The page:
What does a UI designer do?
A UI designer’s task starts at the prototyping stage, whereas a UX designer’s job stops. They take the wireframes and incorporate visual design to improve usability, aesthetics, and screen size compatibility.
Let’s examine the typical responsibilities of a UI designer in more detail now.
The look and feel of a product
- Design research: Research reveals information on users, rivals, and the newest trends in design. Find inspiration and produce user-friendly interfaces.
- Visual design: UI designers are in charge of creating the user interface’s visual components, such as colours, fonts, icons, buttons, and more.
- Graphic design and branding: The entire product’s brand positioning significantly impacts the user interface (UI) design. The correct balance between usability and continuously displaying the brand identity specified by the marketing or creative team must be struck by designers. As a result, graphic design and UI design are tightly intertwined.
- Design systems: UI designers develop style manuals, pattern libraries, and components that specify how each element should appear to assure uniformity between products and brands.
A UI designer focuses on how a design’s colours, typography, and graphics related to a product’s brand.
Responsiveness and interactivity
- Animation and interaction: UI designers can create an interface’s interactivity via animations, transitions, or other interactive features.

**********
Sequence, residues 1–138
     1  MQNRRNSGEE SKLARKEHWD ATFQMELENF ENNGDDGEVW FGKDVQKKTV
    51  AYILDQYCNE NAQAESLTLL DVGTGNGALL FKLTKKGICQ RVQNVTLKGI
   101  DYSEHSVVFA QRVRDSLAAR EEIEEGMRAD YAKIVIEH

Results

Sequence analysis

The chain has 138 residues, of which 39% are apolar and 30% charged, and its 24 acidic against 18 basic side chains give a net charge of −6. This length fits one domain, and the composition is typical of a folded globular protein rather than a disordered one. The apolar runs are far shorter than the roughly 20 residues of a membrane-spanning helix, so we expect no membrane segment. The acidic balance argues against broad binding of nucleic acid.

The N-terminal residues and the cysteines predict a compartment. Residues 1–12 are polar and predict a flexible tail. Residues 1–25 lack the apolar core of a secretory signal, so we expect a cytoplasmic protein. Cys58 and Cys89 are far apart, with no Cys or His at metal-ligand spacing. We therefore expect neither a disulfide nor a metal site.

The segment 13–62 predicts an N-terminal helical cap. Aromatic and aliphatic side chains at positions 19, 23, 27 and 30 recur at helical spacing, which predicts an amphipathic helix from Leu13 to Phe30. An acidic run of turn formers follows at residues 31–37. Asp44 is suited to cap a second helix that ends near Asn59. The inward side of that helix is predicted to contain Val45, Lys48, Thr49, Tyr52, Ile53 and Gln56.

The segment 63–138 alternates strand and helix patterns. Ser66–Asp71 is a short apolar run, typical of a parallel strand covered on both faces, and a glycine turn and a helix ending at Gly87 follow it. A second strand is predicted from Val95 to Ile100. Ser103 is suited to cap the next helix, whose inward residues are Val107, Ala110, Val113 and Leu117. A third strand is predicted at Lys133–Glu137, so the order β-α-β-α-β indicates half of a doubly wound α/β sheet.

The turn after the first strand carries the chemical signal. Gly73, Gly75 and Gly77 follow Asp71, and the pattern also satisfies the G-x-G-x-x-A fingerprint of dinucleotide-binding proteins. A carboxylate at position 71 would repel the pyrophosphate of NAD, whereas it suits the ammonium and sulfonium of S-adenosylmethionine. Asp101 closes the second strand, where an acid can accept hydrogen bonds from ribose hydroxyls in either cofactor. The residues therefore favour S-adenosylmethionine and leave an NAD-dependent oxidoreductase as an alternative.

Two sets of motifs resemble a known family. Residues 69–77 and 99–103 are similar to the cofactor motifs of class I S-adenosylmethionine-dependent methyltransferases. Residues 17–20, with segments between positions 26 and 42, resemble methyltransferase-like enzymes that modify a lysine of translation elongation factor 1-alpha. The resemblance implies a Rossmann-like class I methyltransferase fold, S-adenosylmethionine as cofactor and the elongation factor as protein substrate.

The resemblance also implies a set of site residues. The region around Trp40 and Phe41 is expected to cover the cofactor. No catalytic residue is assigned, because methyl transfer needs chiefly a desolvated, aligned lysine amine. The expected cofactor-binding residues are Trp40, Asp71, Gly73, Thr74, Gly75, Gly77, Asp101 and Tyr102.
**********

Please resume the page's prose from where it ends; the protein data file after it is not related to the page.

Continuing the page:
- UI prototyping: A live demonstration of every UI component and design interaction. UI designers produce them for user testing and understanding of how the product will operate.
- Responsive design: Interfaces must effortlessly adapt to all platforms, devices, and screen sizes in terms of form and function.
What is UX design?
Understanding the users’ complete journey and translating it into a product are the goals of UX design. The entire user experience, from beginning to end, is referred to as UX design. It makes an effort to solve the question: How can I make it as easy and frictionless as possible for individuals to attain their goals?
In other words, UX design is focused on a customer journey’s total user-friendliness. Additionally, there is substantial disagreement over the beginning and end of UX because of different opinions and if ideas can be functional.
This can be prevented from being more straightforward or perplexing, depending on the stage of the design framework. So let’s explore what UX design implies in the real world.
What does a UX designer do?
A user experience designer’s responsibility is to comprehend the consumer journey. This includes developing user flows, creating user testing procedures, interviewing customers, and understanding the target audience.
Let’s examine the typical responsibilities of a UX designer.
Research and strategy
- Create a strategic plan at the start of the UX design process to ensure all stakeholders are on the same page and pursuing the same objectives.